Words might be the best way to express condolences following a death and it’s the words that stay with us the longest. Unfortunately, it’s the negative words that the bereaved seem to remember, so think carefully before you speak.
One bereaved mom told me that she still remembers what a friend said, even though her baby died thirteen years ago. “She told me my baby was in a better place. How could she be in a better place when she should be here with me?” Interestingly, I’ve never heard someone say, “My friend said the most loving thing to me after my sister died and I think about it all the time.” Instead, it’s the negative things the bereaved hear that they continue to replay.
I’d like to think that people don’t mean to say inappropriate things; they just don’t know what to say and words tumble out. But here are some truly inappropriate things, commonly shared with the bereaved, that you should never say to someone mourning a loved one:
I’m always shocked and surprised that family members, friends, colleagues and neighbors can say such inappropriate things. It’s very sad that the sting of something so hurtful lingers for so long. If you were to discuss these comments with those who said them, the individuals would most likely have no recollection of what they had said or how they had hurt you. It is so important to be supportive to the bereaved but most important, to think before speaking. The legacy each of us should leave is one of caring and support, not hurtful statements.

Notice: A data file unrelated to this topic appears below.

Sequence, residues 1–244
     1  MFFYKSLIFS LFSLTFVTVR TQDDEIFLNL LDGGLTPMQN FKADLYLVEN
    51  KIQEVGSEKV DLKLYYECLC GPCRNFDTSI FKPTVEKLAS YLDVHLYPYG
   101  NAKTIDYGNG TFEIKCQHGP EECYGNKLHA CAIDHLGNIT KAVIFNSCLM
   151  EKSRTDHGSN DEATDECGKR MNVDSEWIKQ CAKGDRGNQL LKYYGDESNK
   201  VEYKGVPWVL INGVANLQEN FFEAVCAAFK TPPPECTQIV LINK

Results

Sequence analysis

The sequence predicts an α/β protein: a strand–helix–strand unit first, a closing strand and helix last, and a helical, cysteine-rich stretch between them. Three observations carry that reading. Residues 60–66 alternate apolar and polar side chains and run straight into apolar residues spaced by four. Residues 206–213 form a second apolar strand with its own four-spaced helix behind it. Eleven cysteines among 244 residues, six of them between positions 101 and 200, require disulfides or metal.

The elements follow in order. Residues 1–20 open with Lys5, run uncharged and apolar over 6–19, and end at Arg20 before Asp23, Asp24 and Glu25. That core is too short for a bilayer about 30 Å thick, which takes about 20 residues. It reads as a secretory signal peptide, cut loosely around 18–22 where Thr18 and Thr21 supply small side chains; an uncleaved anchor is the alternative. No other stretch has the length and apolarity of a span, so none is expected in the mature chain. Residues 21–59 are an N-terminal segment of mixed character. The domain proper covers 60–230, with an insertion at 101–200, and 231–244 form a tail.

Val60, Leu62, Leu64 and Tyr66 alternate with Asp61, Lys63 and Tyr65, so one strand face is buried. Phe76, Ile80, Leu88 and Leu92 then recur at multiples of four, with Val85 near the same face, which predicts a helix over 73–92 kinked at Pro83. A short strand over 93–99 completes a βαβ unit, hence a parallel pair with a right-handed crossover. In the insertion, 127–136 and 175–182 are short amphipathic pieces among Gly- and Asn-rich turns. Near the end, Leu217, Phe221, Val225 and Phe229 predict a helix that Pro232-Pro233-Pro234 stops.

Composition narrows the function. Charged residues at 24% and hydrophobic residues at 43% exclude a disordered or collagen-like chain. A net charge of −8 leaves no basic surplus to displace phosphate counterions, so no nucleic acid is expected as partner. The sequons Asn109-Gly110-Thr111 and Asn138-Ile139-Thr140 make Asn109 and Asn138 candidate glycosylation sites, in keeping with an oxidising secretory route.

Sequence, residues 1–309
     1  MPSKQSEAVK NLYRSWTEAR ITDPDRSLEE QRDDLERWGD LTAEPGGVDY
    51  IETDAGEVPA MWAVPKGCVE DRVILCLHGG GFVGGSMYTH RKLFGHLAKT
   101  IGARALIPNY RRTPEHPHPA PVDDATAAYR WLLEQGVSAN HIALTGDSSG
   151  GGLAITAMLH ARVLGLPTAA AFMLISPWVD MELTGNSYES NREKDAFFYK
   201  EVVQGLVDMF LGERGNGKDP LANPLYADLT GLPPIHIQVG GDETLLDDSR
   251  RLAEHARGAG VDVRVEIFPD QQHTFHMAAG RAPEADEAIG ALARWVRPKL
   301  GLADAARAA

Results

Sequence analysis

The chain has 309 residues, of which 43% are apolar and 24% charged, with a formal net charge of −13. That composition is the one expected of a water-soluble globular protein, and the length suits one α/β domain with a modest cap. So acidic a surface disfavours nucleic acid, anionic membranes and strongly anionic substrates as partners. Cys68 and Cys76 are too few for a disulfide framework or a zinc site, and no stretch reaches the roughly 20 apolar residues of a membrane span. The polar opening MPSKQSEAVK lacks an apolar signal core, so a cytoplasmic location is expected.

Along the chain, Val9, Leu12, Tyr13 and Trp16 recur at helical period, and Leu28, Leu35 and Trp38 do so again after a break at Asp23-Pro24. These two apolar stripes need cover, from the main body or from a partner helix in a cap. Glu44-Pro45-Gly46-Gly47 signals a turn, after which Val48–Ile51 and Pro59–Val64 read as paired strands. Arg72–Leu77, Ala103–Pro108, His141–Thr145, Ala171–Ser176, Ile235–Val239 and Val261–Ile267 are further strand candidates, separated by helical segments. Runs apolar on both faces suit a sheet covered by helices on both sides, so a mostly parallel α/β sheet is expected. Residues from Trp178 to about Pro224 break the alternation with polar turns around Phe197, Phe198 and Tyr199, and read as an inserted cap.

So what can you say? Tell them how very sorry you are and give them a hug. That’s it. Show you care and if they would like to speak, listen. Keep it sincere and simple and maybe, just maybe, they’ll tell a friend that someone knew just what to say and do. And they’ll be talking about you!
Robbie Miller Kaplan is an author who writes from a unique perspective as a mother who has lost two children. She has written How to Say It When You Don't Know What to Say, a guide to help readers communicate effectively when those they care about experience loss, now available in three individual volumes: "Illness & Death," "Suicide" and "Miscarriage." Additional titles are available as e-books: "Death of a Child," "Death of a Stillborn or Newborn Baby," "Pet Loss," "Caregiver Responsibilities," "Divorce" and "Job Loss." All titles are in Amazon's Kindle Store. Click here to order.
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